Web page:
How much does the Sekera injury hurt the Oilers?

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The Oilers will be without <a class="link rapid-noclick-resp" href="/nhl/players/3986/" data-ylk="slk:Andrej Sekera">Andrej Sekera</a> for the foreseeable future. (Photo by Sean M. Haffey/Getty Images)
The Oilers will be without Andrej Sekera for the foreseeable future. (Photo by Sean M. Haffey/Getty Images)

Everyone in Edmonton is hoping for a bounce-back season.

The Oilers had just 78 points for the year, finishing 15 back of the last playoff spot, with three Western Conference teams between themselves and the playoffs. This despite a 108-point season from shoulda-been-MVP Connor McDavid. This despite the team finishing second in the Pacific with 103 points just a season before.

And in a lot of ways, the Oilers seemed like a pretty good bounce-back candidate even to impartial outsiders. Cam Talbot had the worst season of his career, for one thing. Plus Ryan Nugent-Hopkins, Adam Larsson, Andrej Sekera, and Oscar Klefbom all missed good-sized chunks of the season.

Plus they brought in Tobias Rieder who seems like an okay bet as a middle-six contributor, as well as imported a KHL goalie with a solid track record, and bought out Eric Gryba, who was horrible last season. A full season of Pontus Aberg, maybe Kailer Yamamoto, and the maturation of Jesse Puljujarvi could also be big helps in boosting the Oilers’ non-McDavid offense. (If you couldn’t tell, the Oilers’ real problems offensively came on the wings.)

When one also considers the improbably good seasons out of Vegas, Los Angeles, and maybe even Anaheim, it’s easy to see the Oilers making up a good chunk of the ground they lost last year and getting back into the playoff conversation. Not that anyone was banking (you’d hope) on another 100-point season but being competitive would have been a big improvement. Of course, much like a lot of stuff went wrong last season, a lot of stuff would have to go right this time around.

Which is where Andrej Sekera’s potentially season-ending injury, suffered in training recently, becomes a potentially big problem right off the bat.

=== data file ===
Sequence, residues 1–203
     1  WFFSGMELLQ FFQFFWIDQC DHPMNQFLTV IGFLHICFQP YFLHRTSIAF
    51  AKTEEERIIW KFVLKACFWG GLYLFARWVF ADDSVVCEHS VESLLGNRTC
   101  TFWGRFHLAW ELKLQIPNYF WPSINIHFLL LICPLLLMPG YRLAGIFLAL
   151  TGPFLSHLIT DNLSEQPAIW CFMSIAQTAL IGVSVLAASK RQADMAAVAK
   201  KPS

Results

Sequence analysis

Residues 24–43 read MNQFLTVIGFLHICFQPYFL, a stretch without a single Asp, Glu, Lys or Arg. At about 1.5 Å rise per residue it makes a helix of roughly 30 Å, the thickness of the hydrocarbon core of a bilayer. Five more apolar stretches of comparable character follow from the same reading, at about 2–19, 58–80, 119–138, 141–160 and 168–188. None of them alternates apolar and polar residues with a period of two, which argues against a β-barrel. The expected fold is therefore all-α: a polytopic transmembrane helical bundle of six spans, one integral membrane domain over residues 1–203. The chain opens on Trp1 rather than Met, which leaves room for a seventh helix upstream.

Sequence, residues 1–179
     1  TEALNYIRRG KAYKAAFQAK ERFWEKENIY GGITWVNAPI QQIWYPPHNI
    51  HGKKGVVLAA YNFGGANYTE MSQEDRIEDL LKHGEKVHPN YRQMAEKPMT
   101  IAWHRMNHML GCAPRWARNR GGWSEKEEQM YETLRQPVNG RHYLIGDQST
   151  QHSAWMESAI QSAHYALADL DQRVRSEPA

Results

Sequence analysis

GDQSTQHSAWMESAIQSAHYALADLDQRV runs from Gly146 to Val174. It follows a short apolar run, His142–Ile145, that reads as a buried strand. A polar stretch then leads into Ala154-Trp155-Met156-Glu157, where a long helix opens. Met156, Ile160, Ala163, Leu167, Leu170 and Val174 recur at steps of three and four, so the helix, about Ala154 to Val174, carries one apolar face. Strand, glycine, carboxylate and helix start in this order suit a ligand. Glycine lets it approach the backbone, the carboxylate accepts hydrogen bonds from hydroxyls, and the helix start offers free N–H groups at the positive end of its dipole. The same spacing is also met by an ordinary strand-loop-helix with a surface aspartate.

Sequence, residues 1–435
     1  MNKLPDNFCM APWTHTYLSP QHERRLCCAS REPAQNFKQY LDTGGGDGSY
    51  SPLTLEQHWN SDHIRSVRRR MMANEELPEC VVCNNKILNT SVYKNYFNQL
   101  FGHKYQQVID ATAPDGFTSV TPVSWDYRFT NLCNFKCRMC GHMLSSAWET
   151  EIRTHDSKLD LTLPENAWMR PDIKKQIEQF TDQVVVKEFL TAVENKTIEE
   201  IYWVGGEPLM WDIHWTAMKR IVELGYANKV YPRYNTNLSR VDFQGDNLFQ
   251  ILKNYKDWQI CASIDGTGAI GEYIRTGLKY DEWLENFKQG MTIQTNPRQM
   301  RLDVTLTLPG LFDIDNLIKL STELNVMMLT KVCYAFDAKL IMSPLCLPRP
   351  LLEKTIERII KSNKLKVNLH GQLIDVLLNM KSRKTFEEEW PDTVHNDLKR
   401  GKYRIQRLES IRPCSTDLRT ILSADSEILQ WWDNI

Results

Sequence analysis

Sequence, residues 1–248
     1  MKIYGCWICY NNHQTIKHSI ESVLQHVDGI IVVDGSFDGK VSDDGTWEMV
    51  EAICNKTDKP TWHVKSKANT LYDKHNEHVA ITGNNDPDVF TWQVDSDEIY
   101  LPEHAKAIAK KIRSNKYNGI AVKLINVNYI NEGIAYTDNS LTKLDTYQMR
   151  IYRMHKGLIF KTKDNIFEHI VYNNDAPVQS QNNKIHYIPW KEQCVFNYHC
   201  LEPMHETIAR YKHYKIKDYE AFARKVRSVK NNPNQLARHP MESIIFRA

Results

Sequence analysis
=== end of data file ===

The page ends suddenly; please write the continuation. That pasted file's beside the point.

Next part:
Again, you’re likely to get full seasons of still-improving young defenders like Klefbom and Darnell Nurse, and Larsson, if healthy, should be near his career peak performance. Absorbing the loss, potentially for the full 82, of a very solid middle-pairing defender like Sekera is a huge blow, even if he is a left shot guy on a team already loaded with them.

There are some solid enough stop-gap options on the free agent market, for sure. And the Oilers might want to consider trading for some of the higher-end young defenders that are rumored to be on the trade block. Simply put, you can’t go into the season with a neck-and-neck race between Kris Russell and Matt Benning as your fourth-best defender. One might, I guess, point out that a guy like William Lagesson, who played in Sweden last season and is already 22, or Evan Bouchard might be an okay fill-in farther down the roster.

But it’s tough to argue that the loss of Sekera in and of itself is the huge issue the Oilers face. The lack of impact defensemen on the team as a whole is the bigger issue. We’ve seen it time and again: Teams with good forward groups end up struggling because they don’t have anyone who can go back, get the puck, and transition it into the neutral and offensive zones fluidly. Last season I talked a lot about how McDavid can be that kind of full 200-foot player, meaning defenders don’t have to be relied upon to carry the puck when he’s on the ice, but he’s only on the ice for about 21 minutes a night.